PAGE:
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Book Update - Chris Sommers of Pi Pizzeria

Oct 8, 2010 | Schedulefly Crew
Pi Pizzeria of St. Louis has been wildly successful in a short amount of time. They opened their first location on "Pi Day" (3.14) 2008, and by that October then-Senator and presidential candidate Barack Obama enjoyed some of their pizza after a St. Louis campaign rally. He loved it, and Pi, which was already very popular, become a sensation. They now have four locations and a mobile pizza truck, and they are opening in Washington, D.C. in 2011.

Founder Chris Sommers left to open Pi, after buying a recipe for an insanely god deep dish pizza from a small pizzeria that he frequented in San Francisco. Here are a few snippets from our conversation with Chris, who has learned a lot about owning restaurants over the last couple of years...

Growth Ain’t Easy To Manage. “You can either choose to operate or you can choose to expand, and I’ve chosen the latter. We struggle with growth. There are lots of offers of money and lots of interest. But there is money and there’s smart money. And we haven’t exactly figured out what the proper mix is. We know that we want to strike while the iron is hot, but we also don’t want to dilute and expand too fast. We’re just trying to be smart and prudent, and make sure there are not too many cooks in the kitchen, and that we don’t get heavily leveraged. It’s nice to use other people’s money for growth, but at the same time it gives us a lot of flexibility when we don’t have to answer to anybody or service a lot of debt.” (Pi opened on 3/14/2008 and currently has four locations plus a pizza truck, and they are opening another location in Washington, D.C.)

Learn How To Delegate. That’s also been a huge part of our success, is being able to delegate.

Being Green. It’s a core part of our DNA. It is just critical to make sure that it is factored into every decision you make, from vendors to products to design and build out. And as long as everybody on your management team down to the lowest level understands everything from what a reclaimed material is, to “Can I throw this away or do I recycle this?” It will cost you a little bit of money up front, but ultimately will save you a lot of money, and I think it is the only way to own and operate a business.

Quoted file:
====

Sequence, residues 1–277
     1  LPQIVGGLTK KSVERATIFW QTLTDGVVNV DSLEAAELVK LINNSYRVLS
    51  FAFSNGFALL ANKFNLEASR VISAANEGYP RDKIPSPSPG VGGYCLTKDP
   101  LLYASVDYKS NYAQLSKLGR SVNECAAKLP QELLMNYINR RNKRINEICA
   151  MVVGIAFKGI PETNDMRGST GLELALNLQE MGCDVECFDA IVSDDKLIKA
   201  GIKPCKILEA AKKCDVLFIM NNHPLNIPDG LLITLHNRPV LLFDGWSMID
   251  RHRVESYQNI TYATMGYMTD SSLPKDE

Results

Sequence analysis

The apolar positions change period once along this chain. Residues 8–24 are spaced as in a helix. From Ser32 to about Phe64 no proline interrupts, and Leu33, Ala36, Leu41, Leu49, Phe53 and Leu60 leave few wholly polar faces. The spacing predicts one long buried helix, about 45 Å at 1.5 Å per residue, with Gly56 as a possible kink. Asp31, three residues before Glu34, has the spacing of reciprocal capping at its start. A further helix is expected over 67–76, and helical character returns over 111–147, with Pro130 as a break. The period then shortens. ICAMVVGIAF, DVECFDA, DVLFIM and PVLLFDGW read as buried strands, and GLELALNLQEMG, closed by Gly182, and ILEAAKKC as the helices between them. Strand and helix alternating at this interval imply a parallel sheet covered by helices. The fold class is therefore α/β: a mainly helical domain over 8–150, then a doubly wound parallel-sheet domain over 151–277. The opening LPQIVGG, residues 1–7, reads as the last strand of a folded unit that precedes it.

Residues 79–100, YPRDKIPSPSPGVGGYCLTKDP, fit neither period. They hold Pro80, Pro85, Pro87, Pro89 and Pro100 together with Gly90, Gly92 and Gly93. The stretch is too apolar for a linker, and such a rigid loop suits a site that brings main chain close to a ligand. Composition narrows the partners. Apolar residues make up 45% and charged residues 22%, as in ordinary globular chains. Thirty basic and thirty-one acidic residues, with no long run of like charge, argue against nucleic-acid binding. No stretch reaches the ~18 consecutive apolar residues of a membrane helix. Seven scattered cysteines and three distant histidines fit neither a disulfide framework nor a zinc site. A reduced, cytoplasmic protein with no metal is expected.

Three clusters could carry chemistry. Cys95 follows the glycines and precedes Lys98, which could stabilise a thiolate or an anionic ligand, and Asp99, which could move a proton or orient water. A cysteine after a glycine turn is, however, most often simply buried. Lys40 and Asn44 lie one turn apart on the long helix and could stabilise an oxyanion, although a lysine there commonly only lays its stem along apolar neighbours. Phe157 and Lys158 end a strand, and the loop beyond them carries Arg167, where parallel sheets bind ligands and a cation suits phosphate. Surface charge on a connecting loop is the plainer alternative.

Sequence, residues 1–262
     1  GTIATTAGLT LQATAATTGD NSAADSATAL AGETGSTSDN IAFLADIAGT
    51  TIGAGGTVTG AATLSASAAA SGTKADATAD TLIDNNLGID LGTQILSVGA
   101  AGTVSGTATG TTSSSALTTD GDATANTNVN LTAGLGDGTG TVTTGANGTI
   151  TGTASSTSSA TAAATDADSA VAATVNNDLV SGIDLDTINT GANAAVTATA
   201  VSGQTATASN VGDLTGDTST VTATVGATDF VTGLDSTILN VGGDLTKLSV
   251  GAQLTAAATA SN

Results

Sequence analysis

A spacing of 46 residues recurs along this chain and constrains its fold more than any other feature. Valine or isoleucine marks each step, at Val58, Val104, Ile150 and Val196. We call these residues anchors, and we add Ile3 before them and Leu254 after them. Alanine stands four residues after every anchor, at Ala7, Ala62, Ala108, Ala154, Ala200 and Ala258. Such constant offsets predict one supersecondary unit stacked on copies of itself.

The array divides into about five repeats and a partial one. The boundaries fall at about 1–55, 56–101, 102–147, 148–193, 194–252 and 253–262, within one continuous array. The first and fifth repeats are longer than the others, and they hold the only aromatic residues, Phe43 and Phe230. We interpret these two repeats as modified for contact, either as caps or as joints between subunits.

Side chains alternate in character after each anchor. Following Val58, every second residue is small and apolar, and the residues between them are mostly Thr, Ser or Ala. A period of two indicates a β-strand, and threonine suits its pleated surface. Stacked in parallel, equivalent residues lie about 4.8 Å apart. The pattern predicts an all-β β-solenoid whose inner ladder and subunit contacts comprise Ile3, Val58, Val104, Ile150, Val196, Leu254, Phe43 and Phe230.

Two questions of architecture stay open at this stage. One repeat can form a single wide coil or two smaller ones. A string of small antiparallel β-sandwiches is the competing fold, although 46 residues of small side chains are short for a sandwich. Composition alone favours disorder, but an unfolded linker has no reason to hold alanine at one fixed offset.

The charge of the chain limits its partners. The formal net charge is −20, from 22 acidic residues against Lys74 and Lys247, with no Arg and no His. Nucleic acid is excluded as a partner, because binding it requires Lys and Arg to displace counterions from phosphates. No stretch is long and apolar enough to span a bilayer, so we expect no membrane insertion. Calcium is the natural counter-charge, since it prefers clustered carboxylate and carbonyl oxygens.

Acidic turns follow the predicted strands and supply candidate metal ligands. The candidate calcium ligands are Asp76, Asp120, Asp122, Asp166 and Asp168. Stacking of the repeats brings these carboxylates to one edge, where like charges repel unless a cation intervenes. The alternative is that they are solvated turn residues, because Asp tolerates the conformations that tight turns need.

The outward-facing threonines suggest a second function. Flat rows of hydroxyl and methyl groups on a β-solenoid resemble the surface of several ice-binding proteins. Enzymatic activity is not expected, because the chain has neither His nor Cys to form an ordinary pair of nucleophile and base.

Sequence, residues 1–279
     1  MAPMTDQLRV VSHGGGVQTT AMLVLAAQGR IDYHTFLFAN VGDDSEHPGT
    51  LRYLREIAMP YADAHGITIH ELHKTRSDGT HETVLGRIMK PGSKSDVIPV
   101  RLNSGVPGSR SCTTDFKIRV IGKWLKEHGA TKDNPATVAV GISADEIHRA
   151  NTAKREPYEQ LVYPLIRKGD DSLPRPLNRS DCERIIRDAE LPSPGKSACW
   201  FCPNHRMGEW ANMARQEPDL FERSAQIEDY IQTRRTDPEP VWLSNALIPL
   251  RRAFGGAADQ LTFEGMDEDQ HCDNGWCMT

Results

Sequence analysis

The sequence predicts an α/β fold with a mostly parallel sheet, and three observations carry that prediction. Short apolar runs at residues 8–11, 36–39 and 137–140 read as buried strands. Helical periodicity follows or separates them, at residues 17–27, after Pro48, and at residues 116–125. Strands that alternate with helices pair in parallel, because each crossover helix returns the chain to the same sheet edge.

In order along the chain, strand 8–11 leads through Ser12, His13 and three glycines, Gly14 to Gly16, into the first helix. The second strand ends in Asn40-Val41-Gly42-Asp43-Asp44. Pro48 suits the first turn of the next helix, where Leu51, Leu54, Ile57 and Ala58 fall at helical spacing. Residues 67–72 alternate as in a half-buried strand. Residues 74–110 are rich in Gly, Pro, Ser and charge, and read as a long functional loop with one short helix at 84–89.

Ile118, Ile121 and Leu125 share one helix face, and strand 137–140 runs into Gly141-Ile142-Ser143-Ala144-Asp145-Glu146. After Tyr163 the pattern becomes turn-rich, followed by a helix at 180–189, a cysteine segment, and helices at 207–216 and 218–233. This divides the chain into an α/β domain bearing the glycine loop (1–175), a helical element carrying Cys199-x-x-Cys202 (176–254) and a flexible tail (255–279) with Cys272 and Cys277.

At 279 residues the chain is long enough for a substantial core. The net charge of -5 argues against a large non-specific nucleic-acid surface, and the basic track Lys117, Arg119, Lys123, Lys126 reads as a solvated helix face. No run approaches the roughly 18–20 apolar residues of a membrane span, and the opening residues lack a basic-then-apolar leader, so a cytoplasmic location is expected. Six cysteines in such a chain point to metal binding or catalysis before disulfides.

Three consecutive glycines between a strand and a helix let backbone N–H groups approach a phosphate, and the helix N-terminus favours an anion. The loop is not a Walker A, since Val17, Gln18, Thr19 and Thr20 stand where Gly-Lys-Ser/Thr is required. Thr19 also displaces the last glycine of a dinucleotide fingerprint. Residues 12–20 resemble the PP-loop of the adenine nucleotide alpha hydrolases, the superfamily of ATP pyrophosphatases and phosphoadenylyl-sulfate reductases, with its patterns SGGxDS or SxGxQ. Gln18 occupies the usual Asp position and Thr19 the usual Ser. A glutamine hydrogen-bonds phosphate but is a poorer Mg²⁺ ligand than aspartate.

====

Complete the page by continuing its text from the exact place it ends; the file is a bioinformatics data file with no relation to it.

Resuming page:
The Importance Of Communication & Transparency. Our hospitality mission is about communication and transparency. We don’t get upset if people make mistakes as long as we know about before I hear about it the next day from a guest or the web site or social media. We have a philosophy that you don’t win alone and you don’t lose alone. So keeping everybody informed, keeping the manager informed, and letting everybody know what’s going on helps us operate and keep the ship afloat when it could become unwieldy. As long as we know what’s going on if there is a potential for a table to be unhappy, as long as you inform your manager, we can fix the situation and nip it in the bud.

Evolve Or Die. Yes, the world is flat in every industry. If you look at fashion and what people are wearing or what people are eating. Stagnating is only going to get you so far. It used to get you maybe twenty or thirty years with one business, but it’s not going to any more. People are just more informed and their palates are more sophisticated. Their dollars are more stretched. You can’t get comfortable. When I talk to some of my other restaurateur buddies – especially the successful ones – you have to have a healthy level of paranoia that you are not keeping up. It can be to your demise if you get overboard with it, but you have to keep thinking about innovation. Recognize what’s really important to you and don’t change things that continue to be winners, but at the same time recognize and offer new things.

Dine In Lots Of Other Places. Unfortunately a lot of people don’t have a team in place that enables them to go out and visit other people’s establishments, but that is really critical. Whether it reinforces something that you are doing well, or drills home the fact that you are failing somewhere, it’s just a constant discussion. In ten minutes when I have my core manager’s meeting with my senior management team…a lot of what we discuss in those meetings is what we experience elsewhere, and not just what happens in our stores.

Make Job Applicants Do Their Homework. It starts off on our job application, with asking “Why is Pi important to you?” I don’t want to hire somebody who has not at least done their research and can’t come up with something creative.

Keepin' It Educational,
The Schedulefly Crew